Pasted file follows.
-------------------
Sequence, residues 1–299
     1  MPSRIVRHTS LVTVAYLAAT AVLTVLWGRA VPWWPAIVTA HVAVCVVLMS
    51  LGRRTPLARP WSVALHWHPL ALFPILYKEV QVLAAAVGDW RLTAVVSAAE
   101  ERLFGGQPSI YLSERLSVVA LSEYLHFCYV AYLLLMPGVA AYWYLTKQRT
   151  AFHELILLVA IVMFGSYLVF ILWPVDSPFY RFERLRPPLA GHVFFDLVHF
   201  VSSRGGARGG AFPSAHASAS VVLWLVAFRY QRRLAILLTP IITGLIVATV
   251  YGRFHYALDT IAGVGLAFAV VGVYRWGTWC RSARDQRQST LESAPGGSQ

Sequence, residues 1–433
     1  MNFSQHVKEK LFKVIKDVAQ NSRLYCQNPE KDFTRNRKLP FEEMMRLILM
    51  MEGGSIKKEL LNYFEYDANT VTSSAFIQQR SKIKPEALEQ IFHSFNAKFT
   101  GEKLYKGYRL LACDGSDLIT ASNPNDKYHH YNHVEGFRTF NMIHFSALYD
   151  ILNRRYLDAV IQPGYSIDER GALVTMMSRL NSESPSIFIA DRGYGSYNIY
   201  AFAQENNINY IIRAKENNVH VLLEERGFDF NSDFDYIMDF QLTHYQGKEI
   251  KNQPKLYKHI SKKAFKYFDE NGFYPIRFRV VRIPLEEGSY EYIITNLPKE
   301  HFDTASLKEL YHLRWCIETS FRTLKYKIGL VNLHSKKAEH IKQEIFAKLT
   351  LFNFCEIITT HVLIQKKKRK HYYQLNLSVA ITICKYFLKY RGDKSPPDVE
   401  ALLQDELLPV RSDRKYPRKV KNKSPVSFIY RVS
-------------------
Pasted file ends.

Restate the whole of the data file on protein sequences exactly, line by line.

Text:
Sequence, residues 1–299
     1  MPSRIVRHTS LVTVAYLAAT AVLTVLWGRA VPWWPAIVTA HVAVCVVLMS
    51  LGRRTPLARP WSVALHWHPL ALFPILYKEV QVLAAAVGDW RLTAVVSAAE
   101  ERLFGGQPSI YLSERLSVVA LSEYLHFCYV AYLLLMPGVA AYWYLTKQRT
   151  AFHELILLVA IVMFGSYLVF ILWPVDSPFY RFERLRPPLA GHVFFDLVHF
   201  VSSRGGARGG AFPSAHASAS VVLWLVAFRY QRRLAILLTP IITGLIVATV
   251  YGRFHYALDT IAGVGLAFAV VGVYRWGTWC RSARDQRQST LESAPGGSQ

Sequence, residues 1–433
     1  MNFSQHVKEK LFKVIKDVAQ NSRLYCQNPE KDFTRNRKLP FEEMMRLILM
    51  MEGGSIKKEL LNYFEYDANT VTSSAFIQQR SKIKPEALEQ IFHSFNAKFT
   101  GEKLYKGYRL LACDGSDLIT ASNPNDKYHH YNHVEGFRTF NMIHFSALYD
   151  ILNRRYLDAV IQPGYSIDER GALVTMMSRL NSESPSIFIA DRGYGSYNIY
   201  AFAQENNINY IIRAKENNVH VLLEERGFDF NSDFDYIMDF QLTHYQGKEI
   251  KNQPKLYKHI SKKAFKYFDE NGFYPIRFRV VRIPLEEGSY EYIITNLPKE
   301  HFDTASLKEL YHLRWCIETS FRTLKYKIGL VNLHSKKAEH IKQEIFAKLT
   351  LFNFCEIITT HVLIQKKKRK HYYQLNLSVA ITICKYFLKY RGDKSPPDVE
   401  ALLQDELLPV RSDRKYPRKV KNKSPVSFIY RVS